This article is more than 1 year old
Museum archive turns up new dinosaur family
A hidden treasure in piles of dusty old bones
A PhD student has uncovered a new family of dinosaur, not in a cliff face, or in a desert, but tucked away in a dusty archive in the Natural History Museum in London since 1890.
Mike Taylor said that the specimen leapt out at him as being totally unfamiliar. "I've spent the last five years doing nothing but looking at sauropod vertebrae and I immediately realised it was something strange. It was unmistakably a dorsal vertebra [part of the backbone] from a sauropod, but it didn't look like any dorsal I'd ever seen before," he said.
PhD student Mike Taylor and his fossil friend. Credit: NHM
The species has been named Xenoposeidon proneneukus, which translates roughly as "alien sauropod". We were hoping they might have gone with something like Historicus subterraneus, but never mind...
Museum archives are likely stuffed with exciting "new" discoveries, Taylor says. "The Natural History Museum collection is so huge that it's impossible for anyone to know everything that's in there. It's full of ancient treasures waiting to be rediscovered by scientists."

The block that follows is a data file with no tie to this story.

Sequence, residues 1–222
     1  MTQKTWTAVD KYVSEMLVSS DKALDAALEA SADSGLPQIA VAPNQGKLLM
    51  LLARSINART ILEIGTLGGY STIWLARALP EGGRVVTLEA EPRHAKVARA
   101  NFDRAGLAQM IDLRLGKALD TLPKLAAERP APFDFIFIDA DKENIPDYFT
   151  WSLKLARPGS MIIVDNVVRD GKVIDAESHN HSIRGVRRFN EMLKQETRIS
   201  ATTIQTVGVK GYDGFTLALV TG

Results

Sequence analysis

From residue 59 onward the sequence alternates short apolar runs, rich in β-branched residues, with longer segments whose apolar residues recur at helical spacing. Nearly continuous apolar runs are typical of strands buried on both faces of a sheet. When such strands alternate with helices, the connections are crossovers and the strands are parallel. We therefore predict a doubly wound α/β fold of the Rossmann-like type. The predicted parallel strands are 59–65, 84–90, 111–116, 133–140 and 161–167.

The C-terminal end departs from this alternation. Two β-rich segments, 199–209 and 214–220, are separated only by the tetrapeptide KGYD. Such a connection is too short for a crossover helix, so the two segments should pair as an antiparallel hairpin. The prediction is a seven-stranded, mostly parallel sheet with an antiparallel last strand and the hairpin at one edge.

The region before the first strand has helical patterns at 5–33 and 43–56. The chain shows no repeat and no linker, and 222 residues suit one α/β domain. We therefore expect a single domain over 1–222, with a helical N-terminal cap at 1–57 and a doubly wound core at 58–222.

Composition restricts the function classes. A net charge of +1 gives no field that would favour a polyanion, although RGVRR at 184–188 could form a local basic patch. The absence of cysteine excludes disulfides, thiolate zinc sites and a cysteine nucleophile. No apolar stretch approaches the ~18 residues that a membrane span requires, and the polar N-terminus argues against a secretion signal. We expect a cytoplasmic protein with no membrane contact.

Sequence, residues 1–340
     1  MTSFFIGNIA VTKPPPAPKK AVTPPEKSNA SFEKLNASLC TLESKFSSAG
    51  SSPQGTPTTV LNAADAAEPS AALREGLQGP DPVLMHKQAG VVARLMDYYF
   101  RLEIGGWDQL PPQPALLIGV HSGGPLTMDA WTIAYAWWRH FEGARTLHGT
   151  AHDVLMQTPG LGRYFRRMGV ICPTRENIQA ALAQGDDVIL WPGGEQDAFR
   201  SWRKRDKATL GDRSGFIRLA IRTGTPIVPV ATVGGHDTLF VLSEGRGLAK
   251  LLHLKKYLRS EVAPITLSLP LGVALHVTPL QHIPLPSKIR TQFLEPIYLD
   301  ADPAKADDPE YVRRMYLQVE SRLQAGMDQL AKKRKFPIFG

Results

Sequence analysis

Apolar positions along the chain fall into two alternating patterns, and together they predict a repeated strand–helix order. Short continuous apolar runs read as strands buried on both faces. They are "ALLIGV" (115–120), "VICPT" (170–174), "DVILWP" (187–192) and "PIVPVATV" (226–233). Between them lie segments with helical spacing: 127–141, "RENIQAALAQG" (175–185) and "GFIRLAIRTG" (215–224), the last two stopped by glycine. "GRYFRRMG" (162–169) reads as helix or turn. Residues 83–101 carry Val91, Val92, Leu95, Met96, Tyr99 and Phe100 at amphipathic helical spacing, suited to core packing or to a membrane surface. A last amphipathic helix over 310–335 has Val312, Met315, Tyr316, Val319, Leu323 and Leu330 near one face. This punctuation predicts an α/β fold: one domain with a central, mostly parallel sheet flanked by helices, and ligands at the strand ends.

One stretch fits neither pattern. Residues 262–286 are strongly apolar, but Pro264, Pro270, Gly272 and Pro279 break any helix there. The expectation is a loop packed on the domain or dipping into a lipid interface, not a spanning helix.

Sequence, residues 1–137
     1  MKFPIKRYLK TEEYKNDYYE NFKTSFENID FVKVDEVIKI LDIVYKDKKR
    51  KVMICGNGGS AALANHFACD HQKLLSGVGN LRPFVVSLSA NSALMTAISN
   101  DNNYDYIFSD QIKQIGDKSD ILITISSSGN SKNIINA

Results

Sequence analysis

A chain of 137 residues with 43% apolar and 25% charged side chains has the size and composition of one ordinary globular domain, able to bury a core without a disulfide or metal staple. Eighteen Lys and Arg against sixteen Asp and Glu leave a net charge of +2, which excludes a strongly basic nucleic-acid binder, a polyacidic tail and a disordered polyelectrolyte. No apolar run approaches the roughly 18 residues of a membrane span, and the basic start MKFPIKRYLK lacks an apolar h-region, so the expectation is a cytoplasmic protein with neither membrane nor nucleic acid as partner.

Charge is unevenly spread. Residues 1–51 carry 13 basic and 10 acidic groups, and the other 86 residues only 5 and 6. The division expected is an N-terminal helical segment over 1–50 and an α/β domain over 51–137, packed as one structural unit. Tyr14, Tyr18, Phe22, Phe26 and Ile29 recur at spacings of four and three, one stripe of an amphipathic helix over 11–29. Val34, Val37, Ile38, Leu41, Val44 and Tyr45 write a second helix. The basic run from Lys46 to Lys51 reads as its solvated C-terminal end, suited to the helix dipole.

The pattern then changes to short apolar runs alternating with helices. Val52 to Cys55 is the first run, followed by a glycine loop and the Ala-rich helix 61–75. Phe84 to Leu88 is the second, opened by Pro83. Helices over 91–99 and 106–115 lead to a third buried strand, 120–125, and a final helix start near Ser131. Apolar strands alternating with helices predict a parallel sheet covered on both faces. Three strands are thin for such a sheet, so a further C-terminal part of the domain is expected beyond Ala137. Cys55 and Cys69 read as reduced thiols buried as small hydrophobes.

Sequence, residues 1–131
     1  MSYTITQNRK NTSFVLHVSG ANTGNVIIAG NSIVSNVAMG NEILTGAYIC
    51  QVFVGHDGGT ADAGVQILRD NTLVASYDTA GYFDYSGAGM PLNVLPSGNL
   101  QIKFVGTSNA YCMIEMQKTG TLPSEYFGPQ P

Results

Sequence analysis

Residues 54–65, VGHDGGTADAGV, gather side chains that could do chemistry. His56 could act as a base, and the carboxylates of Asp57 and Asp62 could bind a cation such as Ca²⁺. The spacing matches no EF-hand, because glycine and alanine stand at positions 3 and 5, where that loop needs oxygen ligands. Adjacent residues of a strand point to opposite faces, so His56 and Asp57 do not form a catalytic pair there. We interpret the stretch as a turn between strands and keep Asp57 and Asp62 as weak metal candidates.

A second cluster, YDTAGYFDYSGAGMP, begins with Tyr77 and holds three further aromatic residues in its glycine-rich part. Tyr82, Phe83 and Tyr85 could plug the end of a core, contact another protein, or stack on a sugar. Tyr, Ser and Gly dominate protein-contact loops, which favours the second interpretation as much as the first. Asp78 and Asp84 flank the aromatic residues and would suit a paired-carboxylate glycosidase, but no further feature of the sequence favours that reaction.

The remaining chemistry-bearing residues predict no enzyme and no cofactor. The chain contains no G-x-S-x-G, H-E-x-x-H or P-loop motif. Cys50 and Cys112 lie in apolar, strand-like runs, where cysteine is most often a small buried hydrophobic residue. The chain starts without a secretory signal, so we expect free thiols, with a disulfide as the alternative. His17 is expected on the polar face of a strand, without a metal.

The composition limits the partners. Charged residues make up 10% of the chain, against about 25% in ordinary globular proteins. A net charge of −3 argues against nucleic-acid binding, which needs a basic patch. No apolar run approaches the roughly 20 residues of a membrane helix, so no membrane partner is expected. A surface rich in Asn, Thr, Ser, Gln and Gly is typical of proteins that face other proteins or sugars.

The mid to late 19th century was boom time for fossil hunters, largely because of an extraordinarily competitive pair of palaeontologists, Edward Drinker Cope and Othniel Charles Marsh, working in the late 19th century. The period is even known as The Bone Wars (paging all currently unemployed Hollywood writers...), because of the increasingly unpleasant rivalry between the two men.
In their struggle to find the most fossils, the most important fossils and the next new species, the two men amassed a huge collection of bones, many of which have not been properly analysed. Many fossils from this period were subject to scant analysis, including the specimen rediscovered by Taylor.
It was originally unearthed in Sussex by fossil collector Philip James Rufford. English palaeontologist Richard Lydekker gave it a once-over, but put it aside. It has been locked away, untouched, for the last 113 years.
"The big advantage we had over Lydekker was 113 years of research, during which time 100 sauropods had been named, many of them from excellent remains," Taylor says.
"There were lots of animals we could compare our specimen with, and lots of useful papers describing and discussing them. It was quickly apparent that my first instinct had been right - this bone had belonged to a previously unknown species."
The period is most famous for the confusion that gave us the now-rebranded Brontosaurus. [Reckon an online petition will get us that name back? - Ed] The new species is also a sauropod, similar to the Apatosaurs (Brontosaurus) and the Diplodocus. ®